Swan Meat is the moniker of Cologne-based artist Reba Fay. Originally from D.C., she still has a soft spot for the sweaty hardcore scene integral to the city. Her room captures the essence of her worldview in miniature size — from violins and guitars, to videogames and Ableton — serving as an altar to create her sublime sound.
Hey Reba, how are you?
I’m good, thank you! Staying at my parents’ house in the States right now for the holidays. And visiting my newborn baby brother.
So sweet, congratulations! Where are you currently based?
I’ve been living in Cologne for a year and a half now. I’m originally from Springfield, Virginia – pretty close to Washington D.C. It’s easier to say I’m from D.C. as I basically spent my teenage years hanging out there.
So growing up in Washington DC, how did you experience the music scene there?
I started going to hardcore punk shows when I was around 16 years old. That’s where I made most of my friends. I was homeschooled as a kid. As soon as I stepped into this new world, I started going to screamo and hardcore shows. Many took place in the basements of my friends’ parents.
Did you just roll into the industry or was it an organic move?
Growing up, I would be involved in musical theatre and in plays that my mom produced. She’s very musical. I also played the violin and the guitar for about 10 years. But nothing big. I’d like to say I’m a casual guitar player. I can’t stand that type of music anymore though, haha.
So how did your music get infused with this electronic, almost lyrical sound?
I did a lot of poetry workshops. But after a while, I got bored with simply setting text to paper. That’s when I started putting the text into Ableton and making tracks out of it. It usually turned into this experimental sample-like collage, which triggered me to start sharing my music. Suddenly I found myself wanting to produce more of it and share it.
Could you say that music is a means to make poetry more extroverted?
Honestly, I don’t really incorporate the writing in the production process too much anymore. First I started building tracks around poems. Then I would pair the vocal inflexion of a poem with a sonic inflexion for example. Or, I’d add a percussive element that seemed to enhance the depth or sonic quality of the word that I was choosing. I also realised words aren’t enough to convey what I wanted to convey.
What would be your ideal audience response?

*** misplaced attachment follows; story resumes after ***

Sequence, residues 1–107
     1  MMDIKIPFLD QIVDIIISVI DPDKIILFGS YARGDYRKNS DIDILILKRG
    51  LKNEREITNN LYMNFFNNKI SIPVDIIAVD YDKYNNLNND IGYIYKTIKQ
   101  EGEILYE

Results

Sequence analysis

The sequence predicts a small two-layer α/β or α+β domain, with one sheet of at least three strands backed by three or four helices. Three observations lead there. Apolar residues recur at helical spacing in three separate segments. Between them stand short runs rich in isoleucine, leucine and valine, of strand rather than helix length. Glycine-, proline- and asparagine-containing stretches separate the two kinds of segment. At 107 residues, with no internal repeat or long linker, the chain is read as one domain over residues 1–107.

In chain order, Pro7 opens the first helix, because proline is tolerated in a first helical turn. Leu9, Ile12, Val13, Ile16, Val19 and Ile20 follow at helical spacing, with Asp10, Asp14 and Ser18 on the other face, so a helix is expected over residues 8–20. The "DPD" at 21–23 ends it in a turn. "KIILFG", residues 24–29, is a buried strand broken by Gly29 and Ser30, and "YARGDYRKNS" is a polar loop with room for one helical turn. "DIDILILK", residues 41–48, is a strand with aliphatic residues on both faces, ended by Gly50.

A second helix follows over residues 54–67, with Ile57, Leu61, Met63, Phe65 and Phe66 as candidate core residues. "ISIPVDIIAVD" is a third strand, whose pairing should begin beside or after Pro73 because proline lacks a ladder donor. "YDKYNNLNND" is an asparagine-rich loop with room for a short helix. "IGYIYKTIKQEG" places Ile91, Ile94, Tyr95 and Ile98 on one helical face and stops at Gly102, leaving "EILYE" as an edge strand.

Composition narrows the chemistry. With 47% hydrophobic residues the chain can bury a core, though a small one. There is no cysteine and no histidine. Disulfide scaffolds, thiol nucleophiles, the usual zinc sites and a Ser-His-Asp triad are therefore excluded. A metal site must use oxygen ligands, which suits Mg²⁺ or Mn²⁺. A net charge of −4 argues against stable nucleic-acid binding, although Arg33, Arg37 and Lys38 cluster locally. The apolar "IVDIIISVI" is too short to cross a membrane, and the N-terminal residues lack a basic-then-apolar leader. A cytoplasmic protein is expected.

With this last record, I was 100% thinking of cinematic music and video game music. That makes me feel most ecstatic, and playing around with these very earnest emotional musical tropes. My last EP was about love. Darkest, most happy periods of my life. Some songs sound angry and I wanna break stuff when I listen to this. Writing music shouldn’t be selfish.
What’s your view on the online and offline world?
I think for your sanity offline should be more important, but unfortunately, the online one is crucial to every musician. It’s something I struggle with. Strangely enough, being online and being a musician working online has made me more aware of my body than I should be. The internet should be a democratised nebulous space where the body is not important. I don’t want to be in that internet headspace at all.
Who do you dream of collaborating with one day?
I honestly think my dream collaborator is Nobuo Uematsu, who has composed music for so many iconic games it’s impossible to list them all here, but his dreamiest scores include those for Chrono Trigger, the greatest work of art of all time, and the Final Fantasy series. I’m too terrible a musician to even be worthy of his presence, to be honest, but it would be an honour to merely watch such a genius at work – only in dreams, only in dreams…
Do you feel like your music resembles a ritual?
I would. Working in software, I feel, is especially ritualistic. What is programming if not praying to a demented god? On an interface level, inasmuch as I have a workflow, I’m engaging in ritual, though I don’t know if it’s magical so much as it is desperate. Is Serum a prayer object? EQing a pad like lighting a candle? I suppose I have to think of it this way, otherwise, the whole songwriting process feels cold and clinical.
What are you listening to these days?
Some things on repeat right now are: Grafts by Kara-Lis Coverdale, Disco Volante by Mr Bungle, and Fluquor by my idol Onoken, from the Demo 2.0 game.
How do you look at the world around you?
With great awe and great terror.
Swan Meat plays 16 February at Horses in the Void at OCCII, Amsterdam. Show free for members, in collaboration with Goethe-Institut.